Monkton exterior entrance from side lgeThe ancient church stands in a lovely setting on the Western edge of the village, its tower clearly visible from many different points throughout the parish, a solid reminder of the presence of God in our midst. 

While the church is rooted in the past, its congregation today are living firmly in the present!

Sunday services are held on the first and third Sundays of the month, starting at 9.30am and ending with refreshments. Any changes to this pattern are advertised on the noticeboard outside the church and elsewhere locally, as are events. We are always happy and ready to welcome newcomers."

Some may think a "Church Service" off-putting or irrelevant, so what happens in it? We give thanks for the blessings we enjoy; we recall our failures and confidently ask God's forgiveness; We hear his Word, both read to us and explained, helping us to find meaning and purpose in life; We sing hymns, both old and new; We pray for our local community and the wider World, for those in sickness or need and we remember before God the departed. At Holy Communion, following the command of Jesus, we share bread and wine in a symbolic meal which, like other celebratory meals, expresses our fellowship with God and with one another. Nothing detached or irrelevant in all that!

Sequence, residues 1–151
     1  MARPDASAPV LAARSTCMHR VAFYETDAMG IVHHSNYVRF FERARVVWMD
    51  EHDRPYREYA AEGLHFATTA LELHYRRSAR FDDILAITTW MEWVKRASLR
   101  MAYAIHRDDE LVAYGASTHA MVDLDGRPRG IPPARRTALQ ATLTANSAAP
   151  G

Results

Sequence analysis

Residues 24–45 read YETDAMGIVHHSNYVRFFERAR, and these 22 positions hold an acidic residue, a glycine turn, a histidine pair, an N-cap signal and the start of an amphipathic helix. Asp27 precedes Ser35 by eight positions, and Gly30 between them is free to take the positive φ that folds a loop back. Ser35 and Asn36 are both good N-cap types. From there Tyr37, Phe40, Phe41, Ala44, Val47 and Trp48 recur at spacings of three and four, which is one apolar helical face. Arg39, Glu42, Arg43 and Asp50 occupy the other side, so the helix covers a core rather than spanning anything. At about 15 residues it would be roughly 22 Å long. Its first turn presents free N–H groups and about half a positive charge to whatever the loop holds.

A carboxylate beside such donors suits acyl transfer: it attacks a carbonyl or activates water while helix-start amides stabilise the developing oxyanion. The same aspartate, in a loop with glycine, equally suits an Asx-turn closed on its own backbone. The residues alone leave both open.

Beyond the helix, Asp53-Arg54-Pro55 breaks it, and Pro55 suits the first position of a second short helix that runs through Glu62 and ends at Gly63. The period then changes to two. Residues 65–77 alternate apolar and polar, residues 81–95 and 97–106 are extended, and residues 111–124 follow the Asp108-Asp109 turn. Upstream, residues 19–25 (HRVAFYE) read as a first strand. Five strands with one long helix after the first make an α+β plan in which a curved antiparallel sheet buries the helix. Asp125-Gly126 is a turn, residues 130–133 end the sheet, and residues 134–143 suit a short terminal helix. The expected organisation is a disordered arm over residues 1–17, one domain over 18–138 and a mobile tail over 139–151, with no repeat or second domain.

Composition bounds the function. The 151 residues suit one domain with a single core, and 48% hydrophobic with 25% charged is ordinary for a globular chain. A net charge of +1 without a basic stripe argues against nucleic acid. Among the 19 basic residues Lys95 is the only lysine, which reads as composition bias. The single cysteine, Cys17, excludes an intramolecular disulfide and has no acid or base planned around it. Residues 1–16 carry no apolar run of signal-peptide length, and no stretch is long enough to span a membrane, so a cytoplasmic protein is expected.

We enjoy our time in church, and we would like you to enjoy it as well!



We have an annual Open Gardens and join with the other 3 churches in our Benefice for the Wantsum Group Rogation Walk annually.

We regularly gather at the back of the church for coffee or tea after our Sunday  morningMonkton messy church Service.

Gifts are brought to our Patronal Festival, the Sunday nearest to 6th December; these are linked with the Wantsum Group’s Operation Christmas Child, 

Christingle, Carol Services, Mothering Sunday are some of our main events apart from the main Church Festivals.


Monkton towerThe church dates from pre Domesday times when it appears in the Domesday Survey of 1086, and is the smallest of the seven remaining ancient churches in Thanet. The present church dates from circa 1190 and was extensively rebuilt in the 15th century, when the north aisle was blocked up and new windows inserted. The north porch was also built at this time and the top stage of the tower added. The church which is unbuttressed consists of chancel, nave, porch and tower. The roof is XVth century with king posts and tie beams. The churchyard which is surrounded by stone walls contains many interesting graves and tombstones and is now well maintained by a loyal band of helpers. There is a guide to the church available in the church which lists all the many interesting features to be seen. The church stands at the north west of the village on just about the highest ground within the village confines and is a quintessentially English country church of Norman style.